A challenging word

boxill-headline

This front-page headline in the Sunday edition of The News & Observer surprised me for a couple of reasons:

  • The newspaper had landed an interview with Jan Boxill, one of the people connected to the scandal involving bogus classes at UNC-Chapel Hill.
  • The headline used the word “refuted,” which indicated to me that Boxill had argued successfully against the many accusations (such as these from the NCAA) against her.

Our friends at Merriam-Webster list two definitions for the word:

  • to prove wrong by argument or evidence
  • to deny the truth or accuracy of

The use of “refute” in the Boxill headline matches the second definition well enough. But it’s unclear in the story whether she has proven the accusations to be false. That conclusion lies in the mind of the reader.

The Associated Press Stylebook advises against this use of “refute” because it “almost always implies editorial judgment.” With that in mind, I would suggest other verbs for the Boxill headline: challenge, dispute or deny. Each of those would reflect the tone and content of the story without overselling it.

I’m open to rebuttals.

Q&A with N&O reporter Mandy Locke on the Deadly Force series

Mandy Locke is an investigative reporter at The News & Observer in Raleigh, North Carolina. Her recent series, Deadly Force, examines violent incidents surrounding the sheriff’s office in Harnett County, including the death of an inmate who was shot with a Taser. In this interview, conducted by email, Locke discusses how the multimedia series came together and how the N&O published it in print and online.

Q. How did the Deadly Force series come about? What were some of the obstacles you faced in your reporting?

A. I wish I could claim some sort of brilliance, but the initial tip to this story came because of a relationship. I had a long-ago source, an eccentric lawyer whom I met as a cub reporter in 2004. He would now and again leave me ranting, raving voicemails late at night over the years.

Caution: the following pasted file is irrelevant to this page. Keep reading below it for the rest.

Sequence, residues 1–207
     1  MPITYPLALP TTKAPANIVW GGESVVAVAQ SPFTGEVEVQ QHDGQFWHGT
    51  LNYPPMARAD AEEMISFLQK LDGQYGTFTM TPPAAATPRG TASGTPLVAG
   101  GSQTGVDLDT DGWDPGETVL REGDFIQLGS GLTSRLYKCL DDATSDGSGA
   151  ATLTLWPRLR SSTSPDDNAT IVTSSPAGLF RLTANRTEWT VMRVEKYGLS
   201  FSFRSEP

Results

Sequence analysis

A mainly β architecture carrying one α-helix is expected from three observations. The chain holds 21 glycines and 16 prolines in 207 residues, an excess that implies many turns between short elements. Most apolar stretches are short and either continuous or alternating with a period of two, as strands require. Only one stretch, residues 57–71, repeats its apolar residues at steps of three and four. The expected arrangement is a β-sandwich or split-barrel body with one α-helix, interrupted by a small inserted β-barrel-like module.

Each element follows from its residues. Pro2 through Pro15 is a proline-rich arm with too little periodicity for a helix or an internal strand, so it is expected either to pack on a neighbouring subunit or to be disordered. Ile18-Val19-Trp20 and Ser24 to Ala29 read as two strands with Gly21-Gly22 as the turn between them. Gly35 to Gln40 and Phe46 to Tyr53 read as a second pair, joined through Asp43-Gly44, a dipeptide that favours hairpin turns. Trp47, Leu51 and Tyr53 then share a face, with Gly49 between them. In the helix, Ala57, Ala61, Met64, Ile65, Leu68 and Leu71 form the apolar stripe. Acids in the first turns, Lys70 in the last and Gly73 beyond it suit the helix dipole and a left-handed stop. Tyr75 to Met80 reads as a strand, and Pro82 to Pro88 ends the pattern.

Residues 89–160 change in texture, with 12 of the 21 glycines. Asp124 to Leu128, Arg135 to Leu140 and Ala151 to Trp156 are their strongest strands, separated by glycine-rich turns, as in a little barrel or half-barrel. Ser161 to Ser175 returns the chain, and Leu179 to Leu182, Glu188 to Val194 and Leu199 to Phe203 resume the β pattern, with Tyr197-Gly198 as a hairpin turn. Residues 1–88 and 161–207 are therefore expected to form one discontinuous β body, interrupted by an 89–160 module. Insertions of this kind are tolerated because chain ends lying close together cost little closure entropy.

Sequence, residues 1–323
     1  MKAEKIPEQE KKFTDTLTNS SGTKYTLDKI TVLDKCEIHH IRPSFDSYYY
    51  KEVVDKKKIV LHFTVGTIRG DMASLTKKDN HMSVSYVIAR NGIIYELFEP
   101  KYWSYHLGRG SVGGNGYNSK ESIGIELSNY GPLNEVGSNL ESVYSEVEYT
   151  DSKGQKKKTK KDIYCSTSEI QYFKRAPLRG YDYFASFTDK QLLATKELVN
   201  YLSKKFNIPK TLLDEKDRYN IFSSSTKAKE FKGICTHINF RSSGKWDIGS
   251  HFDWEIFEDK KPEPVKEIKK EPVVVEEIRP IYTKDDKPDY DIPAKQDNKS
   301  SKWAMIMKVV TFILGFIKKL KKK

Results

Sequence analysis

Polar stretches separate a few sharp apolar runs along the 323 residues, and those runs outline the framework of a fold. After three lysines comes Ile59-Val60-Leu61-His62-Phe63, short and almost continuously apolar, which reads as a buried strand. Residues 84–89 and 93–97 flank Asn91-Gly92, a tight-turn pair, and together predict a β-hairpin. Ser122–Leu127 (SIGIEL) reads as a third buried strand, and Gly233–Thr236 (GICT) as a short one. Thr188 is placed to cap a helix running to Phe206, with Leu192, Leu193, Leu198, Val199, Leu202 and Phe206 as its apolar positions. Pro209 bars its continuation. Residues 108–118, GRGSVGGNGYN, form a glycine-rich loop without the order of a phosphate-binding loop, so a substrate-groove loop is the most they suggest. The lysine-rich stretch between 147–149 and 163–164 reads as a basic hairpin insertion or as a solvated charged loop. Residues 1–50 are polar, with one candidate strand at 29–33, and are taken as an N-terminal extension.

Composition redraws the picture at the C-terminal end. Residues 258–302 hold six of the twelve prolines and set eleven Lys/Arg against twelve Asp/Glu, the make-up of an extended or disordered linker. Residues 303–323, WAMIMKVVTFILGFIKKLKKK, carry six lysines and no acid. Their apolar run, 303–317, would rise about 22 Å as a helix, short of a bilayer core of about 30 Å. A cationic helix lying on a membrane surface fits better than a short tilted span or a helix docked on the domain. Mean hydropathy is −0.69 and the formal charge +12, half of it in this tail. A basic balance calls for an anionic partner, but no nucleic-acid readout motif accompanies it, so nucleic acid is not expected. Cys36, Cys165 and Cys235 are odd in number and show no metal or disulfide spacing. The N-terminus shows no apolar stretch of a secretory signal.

He left one of those in December. John Livingston, he said, shouldn’t have died. A deputy who was at the wrong house with no permission to enter had killed Livingston.

Naturally, this sounded important. But it was one of about eight important stories on my list in the new year when I met with my investigative teammates and our editor. How or why I bit this off first may have been simply random; it may have been fate.

Within hours of my visit to Harnett County, to the place where John Livingston died, I was convinced this was something. I didn’t know how big and wide and tough this “something” would be to report, but my gut said, “Whoa, stop. Listen. Think.”

Obstacles? So many. Where to start? Simple sentences:

  • Officials here rarely dealt with reporters.
  • I had few established sources.
  • I was an “outsider.”
  • My subjects had become distrustful; they were beleaguered.

Q. The series was available each day in the print newspaper or all at once on the website. It also has a video trailer and a podcast. Why did the N&O decide to present this story this way?

A. In the last several years, The N&O and our parent company, McClatchy, have learned much about storytelling and how best to harness our platforms. Our digital audience had different engagement patterns than our print audience. Our audience increasingly engages better through video and infographics.

We launched the first part of the series online on a Friday, when our online audience is high; same story ran in print Sunday, when our print audience is high. It takes a mind shift.

I learned this year that there is no shortcut to reporting. You must dig and push and press. However, there are so many ways to tell a story.

Though I love to write, I had to check that sensibility at the door. What is the best way to tell this story? Video? Podcast? How do I help people relate and respond to this work? We do not have the luxury of expecting people to digest our work in traditional formats because they must.

Q. How did editing, fact checking and headline writing work for the series?

A. We are rigid at the N&O. For good cause.

For each and every word and fact, I must present the document or the audio interview or transcript to my editor, Steve Riley. It takes about a day for me to prepare one story for this test. It takes another day to go through it with Steve.

We do not employ fact checkers, and even if we did, there is no shortcut to shoring up a significant story for public scrutiny.

Headline writing is by committee. A team evaluates and challenges, and eventually, we settle on something that works.